“What can I do about it?” 
Well..."What are you trying to achieve here?”  

  • Do you both know what you are trying to achieve through the collaboration?
  • Do you need to build a strong relationship with this colleague?
  • Do you need to build your reputation across the organisation through this piece of work?
  • Do you need to use this project to practise your assertiveness?  

Clarify the outcome that you want, clarify the outcome that you want to achieve together, and you will find the pathway through much clearer. If nothing else, you at least have a measuring post against which to compare your options!

 

As you sit down to figure out what is most important to get done this week, as you try to prepare the presentation for next week, as you sit down to work through a problem with your boss – start with this very simple question to yourself:  

“What am I really trying to achieve here?”  

It will bring you greater clarity of message, a clearer path to decision making, and stronger focus on your priorities, whatever they may be.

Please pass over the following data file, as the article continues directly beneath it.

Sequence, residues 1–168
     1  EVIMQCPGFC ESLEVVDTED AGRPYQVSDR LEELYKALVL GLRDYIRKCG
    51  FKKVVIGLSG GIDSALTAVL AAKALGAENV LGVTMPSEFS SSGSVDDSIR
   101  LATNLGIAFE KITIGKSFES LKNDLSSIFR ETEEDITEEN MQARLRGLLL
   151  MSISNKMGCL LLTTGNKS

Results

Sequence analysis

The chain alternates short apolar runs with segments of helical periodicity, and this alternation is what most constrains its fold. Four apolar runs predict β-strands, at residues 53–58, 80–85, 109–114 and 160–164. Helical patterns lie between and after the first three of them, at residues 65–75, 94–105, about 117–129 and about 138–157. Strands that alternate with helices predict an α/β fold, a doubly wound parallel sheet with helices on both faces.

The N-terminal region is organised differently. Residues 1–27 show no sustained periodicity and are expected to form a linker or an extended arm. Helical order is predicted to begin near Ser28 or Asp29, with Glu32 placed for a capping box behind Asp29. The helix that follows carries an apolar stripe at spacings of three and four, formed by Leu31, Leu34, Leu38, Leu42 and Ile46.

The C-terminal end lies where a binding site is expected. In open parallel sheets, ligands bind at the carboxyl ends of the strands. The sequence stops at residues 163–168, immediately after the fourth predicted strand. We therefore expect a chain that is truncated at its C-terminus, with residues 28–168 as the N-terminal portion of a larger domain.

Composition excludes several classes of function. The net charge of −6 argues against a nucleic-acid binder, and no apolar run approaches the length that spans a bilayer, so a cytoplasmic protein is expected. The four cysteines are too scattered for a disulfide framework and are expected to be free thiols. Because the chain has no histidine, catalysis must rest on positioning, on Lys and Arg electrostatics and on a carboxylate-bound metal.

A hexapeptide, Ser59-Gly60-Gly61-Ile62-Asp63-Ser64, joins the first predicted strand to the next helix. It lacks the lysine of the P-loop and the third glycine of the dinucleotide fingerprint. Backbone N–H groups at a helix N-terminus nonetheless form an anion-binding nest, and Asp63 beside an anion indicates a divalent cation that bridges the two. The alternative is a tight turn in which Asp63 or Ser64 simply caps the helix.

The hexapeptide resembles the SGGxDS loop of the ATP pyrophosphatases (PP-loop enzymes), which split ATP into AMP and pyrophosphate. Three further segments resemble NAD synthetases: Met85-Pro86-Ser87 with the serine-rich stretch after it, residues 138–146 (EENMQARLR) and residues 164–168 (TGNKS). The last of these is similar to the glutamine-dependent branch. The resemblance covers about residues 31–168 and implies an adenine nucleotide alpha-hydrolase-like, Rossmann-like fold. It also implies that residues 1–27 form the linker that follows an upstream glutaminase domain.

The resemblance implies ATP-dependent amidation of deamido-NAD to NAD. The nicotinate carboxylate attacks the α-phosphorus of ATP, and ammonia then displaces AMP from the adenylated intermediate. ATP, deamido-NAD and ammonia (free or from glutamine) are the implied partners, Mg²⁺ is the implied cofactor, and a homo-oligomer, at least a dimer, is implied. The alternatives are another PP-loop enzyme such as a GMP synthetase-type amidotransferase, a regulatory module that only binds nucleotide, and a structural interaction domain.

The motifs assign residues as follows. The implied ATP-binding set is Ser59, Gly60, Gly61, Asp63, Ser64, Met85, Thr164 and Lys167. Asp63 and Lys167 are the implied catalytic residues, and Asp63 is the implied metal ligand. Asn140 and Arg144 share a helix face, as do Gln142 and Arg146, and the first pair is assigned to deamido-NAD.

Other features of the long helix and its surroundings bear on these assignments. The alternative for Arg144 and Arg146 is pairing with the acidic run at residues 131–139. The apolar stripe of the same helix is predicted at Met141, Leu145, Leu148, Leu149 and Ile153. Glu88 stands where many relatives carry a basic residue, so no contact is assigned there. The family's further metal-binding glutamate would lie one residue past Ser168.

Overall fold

Clarify Your Outcomes to Clarify Your Message
Published 08 November 2021
One of Steve Covey’s keys to success was to

“Begin with the end in mind”.

It’s a key principle that still holds and I think we could apply much more often than we do.

If we spend a few moments longer, in deeper thought with ourselves, really clarifying what it is that we want to achieve, we can find ourselves progressing with clearer focus, and with more resilience to holding uncertainty in our constantly changing workplaces.

It’s not the detailed plan of how we are going to achieve that outcome that I am worried about. Plans change, constantly, and are rarely robust enough to cope with the complex reality of our work lives. But a clear sense of the broader picture of what we are trying to achieve as an organisation, in our relationships, on this particular day, can help us stay on track – whatever shape emerges in that track as we progress.

Clarity in Action

John comes to me frustrated with the overly technical content that his team member is trying to share with the business.